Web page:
I mean us 'Bernie Bros' did just get a pretty huge email leak confirming that the suspicions of corruption and election rigging were true - something that would probably turn off any group of voters - but please continue to trot out the tired retread of the 'Obama Boys' pejorative.
I actually favored Hillary over Bernie. While I would prefer Hillary to be a bit more progressive on some issues, I think she can actually get a lot of what she promised done. I feel that if somehow Bernie did get the nom and then won the election, Bernie would have a much greater difficulty working with congress and wouldn't be able to follow through with a lot of his campaign platforms.
I really have no idea when this idea that the GOP was suddenly gonna greet Hillary with open arms came from, but I chuckle at it every time. She will probably get a lot more of what she wants from a Republican congress - but they aren't anything an actual progressive should be happy about.
She's going to face the same opposition to health care reforms or minimum wage legislation Bernie would, but they'll be damn happy to agree to any safety net cuts or international trade deals she is keen on.
I'm just going to answer Scott Bett's post in point by point paraphrasing because the quote tags get ridiculous with a post that long.
Point 1: Bernie endorsed Hillary enthusiastically and it makes no difference.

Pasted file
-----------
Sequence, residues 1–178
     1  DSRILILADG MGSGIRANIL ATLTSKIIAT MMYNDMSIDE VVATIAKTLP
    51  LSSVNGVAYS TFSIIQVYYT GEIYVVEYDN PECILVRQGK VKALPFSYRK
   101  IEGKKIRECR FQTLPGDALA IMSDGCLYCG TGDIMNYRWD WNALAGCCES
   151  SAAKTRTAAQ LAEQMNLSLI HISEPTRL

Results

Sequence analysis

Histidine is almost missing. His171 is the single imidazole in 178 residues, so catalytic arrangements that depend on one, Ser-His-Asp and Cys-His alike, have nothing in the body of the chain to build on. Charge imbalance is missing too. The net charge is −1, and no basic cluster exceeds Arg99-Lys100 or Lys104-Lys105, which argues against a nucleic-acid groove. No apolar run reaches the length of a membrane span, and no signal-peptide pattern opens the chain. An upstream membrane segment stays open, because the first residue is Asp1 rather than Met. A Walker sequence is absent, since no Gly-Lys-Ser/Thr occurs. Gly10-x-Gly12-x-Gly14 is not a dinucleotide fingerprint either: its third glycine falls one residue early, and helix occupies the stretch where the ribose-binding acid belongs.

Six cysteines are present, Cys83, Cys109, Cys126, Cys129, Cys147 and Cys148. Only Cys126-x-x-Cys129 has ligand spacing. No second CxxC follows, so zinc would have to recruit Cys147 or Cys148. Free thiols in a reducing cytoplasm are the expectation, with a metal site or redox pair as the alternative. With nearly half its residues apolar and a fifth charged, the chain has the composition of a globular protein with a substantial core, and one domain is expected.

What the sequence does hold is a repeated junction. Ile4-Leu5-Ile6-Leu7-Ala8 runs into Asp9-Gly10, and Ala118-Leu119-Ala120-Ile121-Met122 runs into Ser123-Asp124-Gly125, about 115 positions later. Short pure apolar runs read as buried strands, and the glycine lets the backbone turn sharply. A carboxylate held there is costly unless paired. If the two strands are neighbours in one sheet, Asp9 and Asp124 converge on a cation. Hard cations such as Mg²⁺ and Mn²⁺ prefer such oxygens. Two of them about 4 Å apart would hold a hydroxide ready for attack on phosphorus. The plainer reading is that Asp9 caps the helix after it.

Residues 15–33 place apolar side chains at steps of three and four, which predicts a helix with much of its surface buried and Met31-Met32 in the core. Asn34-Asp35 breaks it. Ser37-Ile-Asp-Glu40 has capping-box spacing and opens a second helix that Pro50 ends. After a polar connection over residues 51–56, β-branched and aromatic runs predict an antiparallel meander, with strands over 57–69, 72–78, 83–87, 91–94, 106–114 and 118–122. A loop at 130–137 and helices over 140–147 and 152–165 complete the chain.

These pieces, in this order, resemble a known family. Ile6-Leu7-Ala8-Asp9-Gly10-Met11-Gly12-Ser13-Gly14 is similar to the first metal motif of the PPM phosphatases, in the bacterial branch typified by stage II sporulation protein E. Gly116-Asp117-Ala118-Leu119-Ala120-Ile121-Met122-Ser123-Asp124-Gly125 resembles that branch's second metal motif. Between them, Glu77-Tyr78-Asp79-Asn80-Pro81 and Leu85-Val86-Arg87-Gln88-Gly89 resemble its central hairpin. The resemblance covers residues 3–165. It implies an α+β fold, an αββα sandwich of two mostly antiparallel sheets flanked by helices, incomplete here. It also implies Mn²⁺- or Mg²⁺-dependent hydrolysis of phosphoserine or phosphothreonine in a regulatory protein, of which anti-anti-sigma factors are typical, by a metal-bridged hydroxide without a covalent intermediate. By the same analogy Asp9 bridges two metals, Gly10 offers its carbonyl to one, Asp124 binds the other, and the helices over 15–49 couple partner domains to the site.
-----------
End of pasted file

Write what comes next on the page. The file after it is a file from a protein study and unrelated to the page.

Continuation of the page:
Enthusiasm is largely a matter of opinion, and some Hillary backers would disagree with your assessment. But the point is that leading up to the endorsement they were still battling over rules in the platform and he will continue to push her even so - he endorsed Obama in 08 and still remained a gadfly.
But ultimately, my only point is that an endorsement is not selling out - I could be wrong in my assessment of the relationship at play here, but he said he'd endorse, and he endorsed. I don't think we actually have an argument about whether that was somehow selling out, even though you seem to have backed Hillary from the beginning, anyway, so we're coming at it from very different perspectives.
Point 2: Hillary and Bernie are similarly liberal and their voting records show that.
No two candidates in the 2015/16 election cycle had a closer voting record - you know what they say about lies, damn lies, and statistics, right? You're comparing specifically SENATORS who ran for president in this election cycle - which gives us Clinton, Cruz, Sanders, Paul, Webb (kind of), and Chaffee (kind of) and Rubio. Take out the outliers - very "red" Democrats like Webb and the libertarian Paul - and you're left with 4 traditional Senators to compare.
As for her being 'hardcore liberal,' that REALLY depends on the issues. Abortion? Kind of. Intelligence/Surveillance? Definitely not. Student loans? Not surprisingly, not really. Gender equality? Surprisingly not great! But looking at the email leaks and her attitude on foreign policy it gets really stark . . . her bloodthirst for Syria and unequivocal support for Israel and its rightwing Likud party is seriously scary. What she did in Haiti and Honduras is unequivocally terrible. She's Pro-TPP, pro-fracking, takes money from private prisons (even as she promises to shut them down), takes money from banks, from defense contractors, is appealing to Bush donors, and has the admiration of Dick freaking Cheney. And that 7% difference included the vote for Iraq - which I'm going to circle back to.